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What happens when you put cutting-edge machine learning up against traditional techniques for geological modelling?
You get a geological model, in less than 50 minutes.
Machine learning vs traditional geological modelling
The Lisheen Mine, a carbonate hosted zinc-lead project located in the Irish midlands in County Tipperary was in full operation from 1999 until 2015, when it ceased production. During that period the site used Maptek™ Vulcan™ software for underground survey, geological modelling, variography, resource estimation and mine planning.
We used the Lisheen data to test how our machine learning tool performed compared to the traditional geological modelling techniques that were used during mining.
What sort of time-savings would we see? Would we see a close match between the geological models?
What is machine learning and why do we need it?
Domaining, resource estimation and grade control are critical mining processes which involve complex, specialist skills and a significant investment in time and resources. DomainMCF, developed within the new Maptek framework for cloud computing, uses machine learning techniques to resolve these challenges faster and more efficiently than has been traditionally possible.
Let’s put the complexity of resource estimation in context: setting up a single variable in a single geological domain using the inverse distance technique could entail up to 190 decisions.
Applying ordinary kriging to a single variable/domain can take up to 170 decisions in preparation alone to determine appropriate parameter settings, followed by a further potential 220 decisions to carry out the kriging estimate.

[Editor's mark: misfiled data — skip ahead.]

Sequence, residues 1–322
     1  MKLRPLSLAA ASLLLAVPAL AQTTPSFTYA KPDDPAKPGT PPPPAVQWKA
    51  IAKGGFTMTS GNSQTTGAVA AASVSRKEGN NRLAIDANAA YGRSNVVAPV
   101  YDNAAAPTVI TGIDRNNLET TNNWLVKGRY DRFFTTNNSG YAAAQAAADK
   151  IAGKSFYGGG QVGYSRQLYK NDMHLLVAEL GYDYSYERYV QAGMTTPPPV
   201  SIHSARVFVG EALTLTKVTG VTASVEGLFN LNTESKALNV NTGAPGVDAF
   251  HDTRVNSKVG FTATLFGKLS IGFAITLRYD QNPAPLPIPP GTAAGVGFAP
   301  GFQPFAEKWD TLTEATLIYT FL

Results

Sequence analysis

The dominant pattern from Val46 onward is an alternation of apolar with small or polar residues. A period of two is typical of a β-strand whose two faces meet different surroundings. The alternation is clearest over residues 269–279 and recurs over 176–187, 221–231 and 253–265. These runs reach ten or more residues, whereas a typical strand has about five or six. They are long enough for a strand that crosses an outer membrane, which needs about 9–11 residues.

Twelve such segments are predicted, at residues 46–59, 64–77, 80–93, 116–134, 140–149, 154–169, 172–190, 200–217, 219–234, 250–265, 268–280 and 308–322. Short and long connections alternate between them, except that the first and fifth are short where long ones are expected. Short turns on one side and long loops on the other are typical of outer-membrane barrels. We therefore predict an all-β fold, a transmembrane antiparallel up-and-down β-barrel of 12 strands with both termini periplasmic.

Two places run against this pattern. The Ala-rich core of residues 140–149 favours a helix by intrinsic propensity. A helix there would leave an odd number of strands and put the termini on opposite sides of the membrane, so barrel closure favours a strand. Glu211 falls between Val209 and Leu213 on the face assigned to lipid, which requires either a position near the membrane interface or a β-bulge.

A deposit with a single commodity of economic interest within a single uniform geology is rare. For example, one Maptek customer has approximately 900 variable/geological domain combinations. Applying kriging to the entire deposit requires about 35,000 decisions!
Machine learning seeks to unlock new algorithms to resolve these challenges faster and more efficiently. The technology allows machines to solve complex problems even when using a data set that is diverse, unstructured and inter-connected. The more deep learning algorithms learn, the better they perform and as a result mining companies gain a greater understanding of their deposit.
The Lisheen mine and the scope of our challenge
2700 surface and 4670 underground drillholes (see Figure 1) were drilled at Lisheen, each one logged in detail by mine geologists. Rock types were classified into 50 different codes during logging and these were used for subsequent domain modelling.
We don’t know precisely how long it took to generate the wireframes to represent these geological codes, but it would be safe to assume that multiple weeks were required to model the complex interaction of some of these units.
How fast could machine learning process and model our data?
Lisheen data was entered into the machine learning engine for processing along with dimensions for the resulting block model, into which domains are directly written.
No other geological interpretations, aside from the rock codes in the drill base were used for processing. A parent block size of 12x12x4m was used with subcell sizes down to 3x3x1m for the subhorizontal orebodies.
Within 50 minutes the block model was complete, flagged with domains generated for all 50 rock codes.
So far so good, but how would the model made by our machine learning system compare with the original Vulcan model?
The visual and wireframes showed a very close match and there was only a 4% difference in the ore volumes between both methods. We’re rather happy with that.
In conclusion it took DomainMCF less than 50 minutes to flag geological domains. The same process would have taken up to multiple weeks using traditional methods.
Marketing Manager EMEA
March 7, 2020